Thursday, March 8, 2012

Finally Installing Heated Grips Among Other Odds and Ends

Last winter, I wrote about some intended electrical upgrades. Summer arrived before I had the opportunity to install the fog lights or the terminal strips for future electrical upgrades. So, I'm revisiting that project this year. Also, my wonderful, sweet, loving wife bought me a set of Oxfords Heated Grips for Christmas (thank you, honey!) and I am installing them, too. Here's how you do it.

First, remove the bar end weights from the handlebars. Don't pull the screw all the way out -- just loosen it up. Inside the handlebars, there are a series of washers, spacers and rubber bushings. The screw pulls on the rubber bushings, causing them to expand and press against the handlebars, holding them in place. If you pull the screw out of the bar end weights, the bushings will get stuck in the handlebars. It's possible to get it out, but it's not any fun (ask me how I know...).

Here's the entire bar end weight assembly after being removed from the handlebar.

Next, you have to remove the stock grips. This was arguably the hardest part for me. It's not physically difficult to do; I just couldn't bring myself to cut the grips. I found out later that you can use compressed air to blow the grips off. Wish I'd read that before cutting my grips off :rolleyes:

The left side is pretty straightforward. Use some sandpaper to remove the contact cement from the handlebars after removing the grip. The throttle side, however, is a bit more difficult. The Oxfords grips are really stiff, and need the throttle tube to be perfectly smooth. Unfortunately, Suzuki created the throttle tube with flanges at each end to help hold the grip on the throttle tube...

...and ridges along the length of the throttle tube to keep the grip from slipping when you grab a fistful of throttle (not that you or I would ever do anything like that!)

To solve this problem, grab a file and get to work on those ridges and flanges. After getting them reasonably smooth, use some sandpaper to finish the job. Oxfords recommends checking the inside of the grips for flash from the manufacturing process. My right hand grip had some flash in it, but the left side was okay. While I'm not terribly impressed that Oxfords couldn't clean up their grips before shipping them out, it's easy enough to do yourself with a small file. It took me all of maybe two minutes to do.

Before installing the grips, it is critically important to spend a while finding the best mounting orientation. You don't want the power wires to foul your brake, clutch or fairing, so spend a couple of minutes trying different positions on the throttle tube and handlebar. Make sure you take the time to verify that you still have clearance while rotating the throttle. You *DON'T* want to find out that your brake doesn't clear the power wires at highway speeds!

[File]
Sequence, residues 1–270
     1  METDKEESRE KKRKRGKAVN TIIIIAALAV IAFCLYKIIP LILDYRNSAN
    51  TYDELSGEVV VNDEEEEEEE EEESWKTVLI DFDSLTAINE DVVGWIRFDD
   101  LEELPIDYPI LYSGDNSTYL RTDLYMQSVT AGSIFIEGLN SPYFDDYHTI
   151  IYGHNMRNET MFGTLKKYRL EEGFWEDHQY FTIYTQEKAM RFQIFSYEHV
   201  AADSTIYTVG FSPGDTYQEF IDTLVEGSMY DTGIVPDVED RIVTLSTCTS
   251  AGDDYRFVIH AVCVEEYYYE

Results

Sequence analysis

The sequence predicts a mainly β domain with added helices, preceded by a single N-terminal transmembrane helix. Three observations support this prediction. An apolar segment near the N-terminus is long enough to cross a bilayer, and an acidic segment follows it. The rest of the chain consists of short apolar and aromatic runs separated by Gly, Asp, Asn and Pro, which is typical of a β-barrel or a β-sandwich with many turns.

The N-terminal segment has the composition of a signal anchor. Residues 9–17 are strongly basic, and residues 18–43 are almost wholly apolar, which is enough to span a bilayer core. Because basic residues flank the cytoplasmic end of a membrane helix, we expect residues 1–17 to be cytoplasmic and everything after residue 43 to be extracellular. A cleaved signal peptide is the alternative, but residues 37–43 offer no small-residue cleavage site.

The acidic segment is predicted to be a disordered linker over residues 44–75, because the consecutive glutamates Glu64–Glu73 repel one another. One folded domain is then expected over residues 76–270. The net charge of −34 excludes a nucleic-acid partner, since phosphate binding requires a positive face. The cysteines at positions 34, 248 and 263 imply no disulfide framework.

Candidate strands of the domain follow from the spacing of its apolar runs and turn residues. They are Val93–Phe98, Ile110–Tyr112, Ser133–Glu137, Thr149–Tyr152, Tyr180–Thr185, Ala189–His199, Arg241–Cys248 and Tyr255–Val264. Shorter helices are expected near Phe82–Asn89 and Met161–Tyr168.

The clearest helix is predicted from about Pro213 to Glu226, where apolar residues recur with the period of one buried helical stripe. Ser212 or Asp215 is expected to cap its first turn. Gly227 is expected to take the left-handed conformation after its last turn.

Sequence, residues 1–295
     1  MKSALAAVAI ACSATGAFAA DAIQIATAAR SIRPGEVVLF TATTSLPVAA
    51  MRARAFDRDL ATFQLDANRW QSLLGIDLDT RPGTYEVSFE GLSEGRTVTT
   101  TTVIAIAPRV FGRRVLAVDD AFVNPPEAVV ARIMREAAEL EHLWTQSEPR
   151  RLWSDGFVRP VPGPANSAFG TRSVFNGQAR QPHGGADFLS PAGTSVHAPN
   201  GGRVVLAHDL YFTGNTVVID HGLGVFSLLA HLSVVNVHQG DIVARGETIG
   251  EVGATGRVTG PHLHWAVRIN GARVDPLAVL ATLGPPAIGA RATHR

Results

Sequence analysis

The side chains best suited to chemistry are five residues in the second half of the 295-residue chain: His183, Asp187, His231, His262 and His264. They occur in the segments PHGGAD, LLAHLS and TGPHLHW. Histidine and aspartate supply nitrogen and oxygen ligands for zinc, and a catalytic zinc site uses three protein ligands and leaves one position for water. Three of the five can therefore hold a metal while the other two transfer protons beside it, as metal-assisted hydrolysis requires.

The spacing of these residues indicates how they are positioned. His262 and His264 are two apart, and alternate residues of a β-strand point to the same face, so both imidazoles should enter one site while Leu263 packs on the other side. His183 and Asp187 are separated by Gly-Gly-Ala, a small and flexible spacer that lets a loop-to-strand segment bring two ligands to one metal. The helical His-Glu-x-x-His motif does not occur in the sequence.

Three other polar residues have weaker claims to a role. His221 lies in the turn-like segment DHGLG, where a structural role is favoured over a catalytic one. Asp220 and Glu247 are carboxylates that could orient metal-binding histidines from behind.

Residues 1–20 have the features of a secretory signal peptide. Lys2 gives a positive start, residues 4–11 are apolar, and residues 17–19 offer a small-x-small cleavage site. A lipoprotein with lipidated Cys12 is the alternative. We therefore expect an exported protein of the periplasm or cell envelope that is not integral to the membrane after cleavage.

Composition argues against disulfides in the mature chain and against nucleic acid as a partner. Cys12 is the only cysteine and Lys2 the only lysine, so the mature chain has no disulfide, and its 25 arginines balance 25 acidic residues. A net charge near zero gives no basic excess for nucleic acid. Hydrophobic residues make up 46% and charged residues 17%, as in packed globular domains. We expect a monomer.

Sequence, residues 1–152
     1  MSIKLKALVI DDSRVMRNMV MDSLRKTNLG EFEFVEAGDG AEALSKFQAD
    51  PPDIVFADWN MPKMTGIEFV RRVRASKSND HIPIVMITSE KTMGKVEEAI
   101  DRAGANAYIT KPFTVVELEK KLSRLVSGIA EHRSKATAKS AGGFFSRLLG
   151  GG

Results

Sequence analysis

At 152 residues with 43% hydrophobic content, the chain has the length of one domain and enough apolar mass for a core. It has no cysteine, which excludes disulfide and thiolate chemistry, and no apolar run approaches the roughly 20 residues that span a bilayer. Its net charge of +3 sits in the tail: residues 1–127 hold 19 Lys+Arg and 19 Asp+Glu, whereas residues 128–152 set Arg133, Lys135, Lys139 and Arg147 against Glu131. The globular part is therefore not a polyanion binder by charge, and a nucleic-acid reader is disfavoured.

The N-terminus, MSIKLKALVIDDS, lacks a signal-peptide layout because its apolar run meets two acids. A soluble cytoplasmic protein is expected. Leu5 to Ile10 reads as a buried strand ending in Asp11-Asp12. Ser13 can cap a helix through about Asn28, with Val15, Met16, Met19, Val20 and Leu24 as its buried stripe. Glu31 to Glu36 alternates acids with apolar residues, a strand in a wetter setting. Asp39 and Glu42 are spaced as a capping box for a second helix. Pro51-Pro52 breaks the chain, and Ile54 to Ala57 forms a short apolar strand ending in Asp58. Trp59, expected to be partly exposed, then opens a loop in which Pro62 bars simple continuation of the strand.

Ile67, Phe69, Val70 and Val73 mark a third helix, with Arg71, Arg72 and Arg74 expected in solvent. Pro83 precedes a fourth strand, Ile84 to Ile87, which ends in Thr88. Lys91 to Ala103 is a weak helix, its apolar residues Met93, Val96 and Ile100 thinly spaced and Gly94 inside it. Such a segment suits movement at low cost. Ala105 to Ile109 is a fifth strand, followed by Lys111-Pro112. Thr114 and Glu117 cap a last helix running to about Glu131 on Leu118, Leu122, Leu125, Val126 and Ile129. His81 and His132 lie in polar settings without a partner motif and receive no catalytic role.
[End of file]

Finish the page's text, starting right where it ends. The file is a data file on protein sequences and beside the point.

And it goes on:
Once you are satisfied with the positioning, use the included high-temp super glue (!) to glue the grips in place. If anyone at Oxfords happens to stumble across this page, super glue, IMHO, is an exceptionally poor choice since you do not get nearly enough time to position the grips before the glue sets. Seriously, was there *nothing* that you could find that was flexible enough and heat resistant enough (high temp silicone, maybe?) for this purpose? </rant> Anyway, back to the install. First, coat the inside of the grip -- NOT the handlebar!!! -- with super glue, then QUICKLY slide the grips on the handlebar or throttle tube. You have to work fast! This stuff sets very, very quickly, and once it grabs, you are DONE. Again, ask me how I know (sigh)









Congratulations! The hard part is done. Now, it is time to install the heat controller. Oxfords had an ingenious solutions for affixing the controller to the somewhat crowded real estate on a motorcycle's handlebars: mount the controller on a metal bracket that is drilled to match the mounting holes on the left-hand rear view mirror on some motorcycles. Simple, right?

Unfortunatley, on V-Stroms -- or at least on my K9 DL650 -- there's a snag. The left-hand rear view mirror mount only has one bolt, but the Oxford bracket requires an upper and lower mounting bolt. It would match the bolts on the right-hand side mount, but the metal bracket is cut to fit on the left hand side only, and honestly, I wouldn't want to let go with my throttle hand to change heat settings anyway. I was able to work around the problem by buying a conduit clamp at Lowe's and mounting the bracket to it. It took a little work with some pliers to match the holes in the clamp to the holes in the bracket, but I finally got them to mate up. Then, I wrapped the clamp in electrical tape (so the metal clamp wouldn't abrade the handlebars), and bolted the bracket to the clamp.

Here's the completed install:



















One other problem I ran into: the diagram doesn't show it, but there should be an adhesive pad between the controller and the metal bracket. The bracket and controller are held together by two screws, but the pad acts as a shock absorber so that vibrations in the handlebars don't get transmitted to the electronics in the controller. Of course, I didn't see that until after I had already screwed the controller onto the bracket, requiring me to remove the screws, remove the controller, install the adhesive pad, then reinstall the screws. It's not a big deal, but by this point, the frustration level was mounting.

The only thing left to do at this point is the electrical wiring. However, I'm still working on several facets of that project, so..."To be continued" :)

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